Tam Yiu-chung, Hong Kong’s sole delegate on the Standing Committee, told local media that “it’s not surprising that they would want another meeting to complete this task sooner.”
The draft law, which runs to 66 articles, confirms the international community’s worst fears about Beijing’s rapid encroachment on Hong Kong, which is supposed to enjoy some autonomy for 50 years under the handover agreement signed by Britain and China in 1997.
Lawyers, human rights activists and Western governments have expressed concern that the vague and broad provisions of the law would give the Beijing-backed authorities new legal tools to target activities such as the protests that erupted in Hong Kong a year ago. The protests grew from demonstrations against an extradition bill into a broader pro-democracy movement that surprised and alarmed Beijing.
Critics have also voiced concern that the new law will allow mainland Chinese security agencies to operate in Hong Kong despite the “one country, two systems” framework agreed to at the handover.
Similar national security laws in mainland China have been invoked by the state in recent years to sentence labor organizers, peasants resisting land grabs, bloggers and lawyers.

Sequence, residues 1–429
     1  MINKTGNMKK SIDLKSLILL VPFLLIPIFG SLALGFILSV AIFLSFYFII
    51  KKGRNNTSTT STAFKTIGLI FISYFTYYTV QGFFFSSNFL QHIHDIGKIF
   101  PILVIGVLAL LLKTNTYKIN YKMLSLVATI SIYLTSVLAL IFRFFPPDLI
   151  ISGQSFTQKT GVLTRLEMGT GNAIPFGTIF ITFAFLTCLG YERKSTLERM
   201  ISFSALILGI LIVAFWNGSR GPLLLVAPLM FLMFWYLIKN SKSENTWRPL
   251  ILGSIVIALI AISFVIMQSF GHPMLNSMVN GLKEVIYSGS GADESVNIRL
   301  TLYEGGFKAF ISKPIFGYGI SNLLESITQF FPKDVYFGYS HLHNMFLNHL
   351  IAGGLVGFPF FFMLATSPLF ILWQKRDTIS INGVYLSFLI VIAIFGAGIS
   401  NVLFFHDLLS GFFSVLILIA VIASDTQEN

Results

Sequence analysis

In Macao, a Chinese territory adjacent to Hong Kong where similar laws have been in place since 2009, public displays of dissent are extremely rare, and politically sensitive protests, including vigils marking the 1989 massacre of students at Tiananmen Square, are banned.
Beijing did not release the text of the “Law on Safeguarding National Security in the Hong Kong Special Administrative Region” but published an outline through the official Xinhua News Agency.
According to the outline, the law declares that the central government in Beijing bears the “ultimate responsibility” for the national security affairs of Hong Kong and covers secession, subversion of state power, terrorism and collusion with foreign forces.
It establishes a Commission for Safeguarding National Security, which will bear the “primary responsibility” for protecting Hong Kong’s security and will answer to the central government.
The chief executive of Hong Kong, a position that has increasingly come under Beijing’s control, will chair the commission. The position is held by Carrie Lam, a target of the protests. In a development viewed with alarm inside and outside Hong Kong, she will have the power to appoint judges to hear national security cases.
The commission will also have a national security adviser, to be appointed by the central government, according to the NPC Observer blog.
New police and prosecution departments will be established to investigate and enforce the new statutes.
The media of the Chinese state called the legislation a “touchstone” for Hong Kong and urged people to back it.
“If we want Hong Kong to have long-lasting peace and security, we should support the law without worrying,” the People’s Daily, the mouthpiece of the Chinese Communist Party, wrote Sunday.
“If we want ‘one country, two systems’ to be sustainable and stable, we should support rather than oppose it.”
But pro-democracy lawmakers and legal analysts were alarmed by the broad nature of the law.
The Hong Kong Bar Association said it was “deeply concerned” about the details published to date and called on Beijing to release the law so lawyers could properly analyze its provisions.